Francis Fukuyama: Interviewed about today's challenges to freedom

Historians in the News

Francis Fukuyama is author of the seminal post-Cold War book, The End of History And the Last Man. NPQ editor Nathan Gardels met with Fukuyama at his office at Johns Hopkins University in Washington, D.C. in March.

NPQ | The late Isaiah Berlin famously made the distinction between "negative" and "positive" freedom—the first being "freedom from" tyranny and interference and the second being "freedom to" do what one will in his or her zone of non-interference; the freedom of self-realization.

As you pointed out in your argument about "the end of history," negative freedom has pretty much been accepted universally, in principle if not in practice, since the end of the Cold War. Even in China the zone of personal space has grown immensely.

But, almost by definition in a diverse world, positive freedom, the "freedom to," is not universal. Some people want to wear headscarves, others want to marry the same sex.

After the "end of history" aren't most conflicts now over positive freedoms?

Francis Fukuyama | It's true. Most liberal democracies have been able to avoid this question of what positive freedoms they want to encourage because they haven't been challenged. Now they are challenged by minorities—Muslim immigrants in Europe, for example—or in some way by rising cultures in Asia that have a very strong sense of their own moral community, their own nonliberal values. It has become a very live issue.

In Europe especially, the issue of immigration and identity converges with the larger problem of the valuelessness of postmodernity. The rise of relativism has made it harder to assert positive values and therefore the shared beliefs Europeans demand of immigrants as conditions for citizenship. Postmodern elites have evolved beyond identities defined by religion and nation to what they regard as a superior place. But aside from their celebration of endless diversity and tolerance, they find it difficult to agree on the substance of the good life to which they aspire in common.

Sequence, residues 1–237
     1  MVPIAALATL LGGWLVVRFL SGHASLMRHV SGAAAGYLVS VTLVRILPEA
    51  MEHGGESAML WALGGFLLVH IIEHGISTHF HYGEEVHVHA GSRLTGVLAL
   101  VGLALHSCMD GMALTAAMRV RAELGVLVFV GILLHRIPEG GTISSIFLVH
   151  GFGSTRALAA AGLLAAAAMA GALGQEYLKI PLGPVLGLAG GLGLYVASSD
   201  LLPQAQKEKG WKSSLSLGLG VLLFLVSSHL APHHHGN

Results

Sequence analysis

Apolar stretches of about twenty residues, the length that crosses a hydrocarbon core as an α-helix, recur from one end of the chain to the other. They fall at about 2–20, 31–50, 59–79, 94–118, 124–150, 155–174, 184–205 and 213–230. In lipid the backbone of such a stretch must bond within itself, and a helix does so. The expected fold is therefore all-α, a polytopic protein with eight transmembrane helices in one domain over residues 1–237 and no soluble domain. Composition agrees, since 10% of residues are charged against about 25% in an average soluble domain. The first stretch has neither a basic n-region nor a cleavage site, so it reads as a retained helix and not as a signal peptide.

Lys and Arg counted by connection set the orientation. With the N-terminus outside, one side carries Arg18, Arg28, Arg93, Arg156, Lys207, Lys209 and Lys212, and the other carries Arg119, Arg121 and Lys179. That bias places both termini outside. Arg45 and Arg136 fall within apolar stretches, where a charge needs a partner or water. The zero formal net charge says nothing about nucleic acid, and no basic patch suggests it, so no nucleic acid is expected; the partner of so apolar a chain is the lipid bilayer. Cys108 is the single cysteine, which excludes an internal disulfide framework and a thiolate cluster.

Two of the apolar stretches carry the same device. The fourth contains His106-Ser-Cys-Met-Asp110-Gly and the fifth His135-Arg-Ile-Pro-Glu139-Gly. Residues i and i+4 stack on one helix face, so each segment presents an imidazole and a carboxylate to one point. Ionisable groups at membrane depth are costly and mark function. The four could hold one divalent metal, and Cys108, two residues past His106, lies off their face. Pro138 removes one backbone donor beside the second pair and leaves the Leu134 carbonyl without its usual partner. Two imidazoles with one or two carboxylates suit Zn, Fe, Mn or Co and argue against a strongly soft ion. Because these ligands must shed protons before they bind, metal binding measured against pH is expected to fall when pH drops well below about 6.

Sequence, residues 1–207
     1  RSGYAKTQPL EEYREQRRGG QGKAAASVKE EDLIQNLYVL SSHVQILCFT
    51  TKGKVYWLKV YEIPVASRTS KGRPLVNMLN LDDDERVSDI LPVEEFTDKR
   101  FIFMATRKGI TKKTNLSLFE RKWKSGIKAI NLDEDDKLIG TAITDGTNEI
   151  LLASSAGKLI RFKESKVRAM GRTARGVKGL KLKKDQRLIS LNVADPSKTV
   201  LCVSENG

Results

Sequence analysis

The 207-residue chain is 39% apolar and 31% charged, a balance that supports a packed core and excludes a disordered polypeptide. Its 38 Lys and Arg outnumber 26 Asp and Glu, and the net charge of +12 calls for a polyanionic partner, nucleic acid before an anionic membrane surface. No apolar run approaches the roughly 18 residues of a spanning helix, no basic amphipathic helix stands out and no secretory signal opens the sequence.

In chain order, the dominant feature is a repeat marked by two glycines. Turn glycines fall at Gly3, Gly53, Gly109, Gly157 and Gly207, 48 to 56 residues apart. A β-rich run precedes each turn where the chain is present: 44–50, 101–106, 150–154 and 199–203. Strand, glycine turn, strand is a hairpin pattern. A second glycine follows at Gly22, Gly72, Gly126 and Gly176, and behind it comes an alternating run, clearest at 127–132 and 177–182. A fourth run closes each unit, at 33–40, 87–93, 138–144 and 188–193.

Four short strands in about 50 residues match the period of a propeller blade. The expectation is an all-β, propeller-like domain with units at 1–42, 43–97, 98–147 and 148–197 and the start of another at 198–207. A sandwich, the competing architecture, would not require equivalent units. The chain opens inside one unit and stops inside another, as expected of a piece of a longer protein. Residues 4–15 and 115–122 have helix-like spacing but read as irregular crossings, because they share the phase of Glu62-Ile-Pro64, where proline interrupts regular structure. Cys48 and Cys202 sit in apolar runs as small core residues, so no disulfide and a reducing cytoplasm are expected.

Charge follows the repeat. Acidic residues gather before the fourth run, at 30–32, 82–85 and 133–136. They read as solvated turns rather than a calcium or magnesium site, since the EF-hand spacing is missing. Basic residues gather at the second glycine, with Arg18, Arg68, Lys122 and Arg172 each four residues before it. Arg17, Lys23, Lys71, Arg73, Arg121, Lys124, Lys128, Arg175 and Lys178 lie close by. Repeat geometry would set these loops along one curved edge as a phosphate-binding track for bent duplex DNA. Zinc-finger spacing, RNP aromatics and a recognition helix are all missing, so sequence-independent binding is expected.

Also, to be clear, what I argued in The End of History was that Hegel had a more positive sense of what freedom is in terms of the recognition of basic human dignity, of the capacity to make moral choices. So, in a sense the "end of history" means the beginning of the reconstruction of a more positive, substantive, idea of what it means to live in a liberal democracy.

NPQ | Just as immigrants asserting their identity bring new conflicts to liberal societies, doesn't the projection of the West's "postmodern valuelessness" —relativism, secularism, permissiveness, materialism—into other cultures through the mass media and entertainment generate clashes of a global scope? Migrants come here; our media go there. After all, Osama bin Laden never came to America. He knows it through the "Hollywood image."

The globalizing media simultaneously tie together, differentiate and define; they are the space where recognition is granted, where dignity is assigned. If they are the new agora, aren't they also, then, the new ground of conflict?

Fukuyama | Definitely. There has been a culture war going on within the United States for a long time over this issue. Cultural conservatives and the religious right have long criticized Hollywood for undermining the values of family and faith. In a sense, their position is not all that different from Osama bin Laden's. The valuelessness projected by American mass culture is a problem.

Obviously, Muslim extremists don't accept the basic framework of liberal tolerance within which America's culture wars are waged. But there is a relationship. What we see today on the global stage is in some sense an extension of America's own culture wars.

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